It should be noted that if you choose to leave the house, this may affect that court’s decision on whether or not to grant you alimony or the house – however, material possessions should never outweigh the safety of you and your children.
Divorce abuse in marriages and the Domestic Violence Act
Domestic violence and divorce rights are important, and you should be aware of the details if you or your loved one is facing any abuse.
The Domestic Violence Act is designed to protect men, women, and children from abuse. It was meant to provide a quick means of separation for victims of abuse. This act is defined as threatening another person or attempting to cause or commit bodily harm to another person.
There are different avenues of the Domestic Violence Act that we will not look into.
1. Victims Assistance Orders
Whether divorcing an abusive wife/husband, this act is there to help victims of abuse in moving on with their lives—for example, monetary compensation.
Partner violence can interfere with your ability to perform at work, especially if you are being hit in visible places. Statistics show that victims of intimate partner violence in the USA lose 8.0 collective days of paid yearly. Between21-60% of these will lose their jobs because of partner abuse.
Under the Victims Assistance Order, victims would receive monetary compensation from their abuser for moving, medical, dental, and other expenses.
When there is domestic violence in marriage, a Victims Assistance Order can also allow the victim legal access to take possession of their personal property without interference from their abuser.
This will allow them to return to the home and grab identification, their vehicle, clothes, and other such personal items.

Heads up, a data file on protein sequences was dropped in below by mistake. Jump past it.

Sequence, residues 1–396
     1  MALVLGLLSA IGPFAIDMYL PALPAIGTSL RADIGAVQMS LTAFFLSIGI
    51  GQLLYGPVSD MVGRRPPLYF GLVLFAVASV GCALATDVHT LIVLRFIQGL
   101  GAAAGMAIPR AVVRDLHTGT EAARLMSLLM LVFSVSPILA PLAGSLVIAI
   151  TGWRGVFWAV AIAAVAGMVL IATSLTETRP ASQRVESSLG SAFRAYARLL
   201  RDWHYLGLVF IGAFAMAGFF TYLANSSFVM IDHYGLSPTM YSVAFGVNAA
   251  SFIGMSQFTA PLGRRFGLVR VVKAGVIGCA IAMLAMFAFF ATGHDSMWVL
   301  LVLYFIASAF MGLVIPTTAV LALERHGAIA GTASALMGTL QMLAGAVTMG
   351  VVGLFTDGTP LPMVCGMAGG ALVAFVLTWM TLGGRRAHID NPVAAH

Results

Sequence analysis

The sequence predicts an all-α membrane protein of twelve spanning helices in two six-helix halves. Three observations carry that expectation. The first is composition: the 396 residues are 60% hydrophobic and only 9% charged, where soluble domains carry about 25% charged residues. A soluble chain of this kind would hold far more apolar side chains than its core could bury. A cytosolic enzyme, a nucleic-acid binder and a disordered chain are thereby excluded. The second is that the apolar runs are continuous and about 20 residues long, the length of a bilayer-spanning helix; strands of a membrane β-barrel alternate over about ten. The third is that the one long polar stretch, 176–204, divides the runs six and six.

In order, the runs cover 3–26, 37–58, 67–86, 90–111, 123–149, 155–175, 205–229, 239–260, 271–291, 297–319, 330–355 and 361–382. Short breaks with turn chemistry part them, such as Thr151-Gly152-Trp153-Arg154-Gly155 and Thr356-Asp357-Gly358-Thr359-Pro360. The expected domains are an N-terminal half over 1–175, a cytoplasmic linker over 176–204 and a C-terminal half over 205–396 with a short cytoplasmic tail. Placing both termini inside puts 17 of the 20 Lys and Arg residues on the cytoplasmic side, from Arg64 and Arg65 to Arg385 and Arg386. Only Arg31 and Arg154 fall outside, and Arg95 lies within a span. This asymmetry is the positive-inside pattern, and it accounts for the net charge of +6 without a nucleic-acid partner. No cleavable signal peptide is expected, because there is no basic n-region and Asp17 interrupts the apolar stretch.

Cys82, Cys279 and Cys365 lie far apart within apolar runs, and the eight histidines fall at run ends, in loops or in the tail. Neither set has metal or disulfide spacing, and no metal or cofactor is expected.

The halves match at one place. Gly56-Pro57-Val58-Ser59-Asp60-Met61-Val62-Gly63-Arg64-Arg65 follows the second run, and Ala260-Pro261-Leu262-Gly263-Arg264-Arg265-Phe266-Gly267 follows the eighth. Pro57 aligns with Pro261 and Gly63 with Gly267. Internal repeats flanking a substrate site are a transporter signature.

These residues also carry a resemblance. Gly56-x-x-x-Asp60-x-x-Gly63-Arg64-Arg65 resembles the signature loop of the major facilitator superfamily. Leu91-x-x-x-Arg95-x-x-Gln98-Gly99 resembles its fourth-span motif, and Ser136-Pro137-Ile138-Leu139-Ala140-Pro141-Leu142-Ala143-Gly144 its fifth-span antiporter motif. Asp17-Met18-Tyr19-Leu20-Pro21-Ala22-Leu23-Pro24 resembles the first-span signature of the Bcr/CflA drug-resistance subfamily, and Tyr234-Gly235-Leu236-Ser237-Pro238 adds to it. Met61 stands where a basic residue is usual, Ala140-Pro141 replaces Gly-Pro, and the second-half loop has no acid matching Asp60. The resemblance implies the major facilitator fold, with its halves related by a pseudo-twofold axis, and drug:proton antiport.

More importantly, this order will also prohibit the abuser from attending a residence, business, or school where the victim or victim’s family go. It also restricts the abuser from contacting the victim, their family, employer, employees, or co-workers.
2. Emergency Intervention Orders
This order is available at all times from a judge or Justice of the Peace. Such an order can prevent an abuser from communicating with their victim or their victim’s family.
Direct a law officer or court official to remove the abuser from home or accompany the victim to the home for supervised removal of personal identification or other belongings.
3. Warrants of Entry
This act is unique in that it can be enacted by someone who is not a partner within the marriage. This could be a friend, family member, or even co-worker.
This is enacted when there is cause for concern regarding a victim who may not be able to speak for themselves. This includes people who are:
Beaten/physically unable to move
Being isolated from others
This warrant allows police officials to enter the marital home to do a welfare check to check for divorce abuse. If necessary, the officer will remove the victim from the home to provide them with help or medical attention.
To be granted any of the orders listed in the Victims of Domestic Violence Act, the victim (or family/friend/associate acting on behalf of the victim) must apply for the order.
A judge will then send the application to the police or crisis worker. The order must then be granted before police, or other officials get involved with assisting the victim.
When experiencing abuse and divorce, you can apply for a Victims Assistance Order through your lawyer or by going directly to your local courthouse.
What happens if the abuser does not abide by the orders received by the Victims of Domestic Violence Act?
If the abuser refuses to comply with the court orders, police will be authorized to arrest the abuser without a warrant.
There are legal safety measures you can take when experiencing divorce abuse in marriages.
Outside of the Domestic Violence Act for Victims, you may also wish to file a protective order during your divorce.
A protective, or restraining order, is a court order instructing the abuser to desist from harassing the victim. This usually involves being legally removed from the marital home and avoiding all contact with each other outside of the courtroom. It also includes children being removed from the abuser’s custody.
When there is domestic violence and divorce, a protective order can be highly beneficial for victims who fear retaliation from their abuser.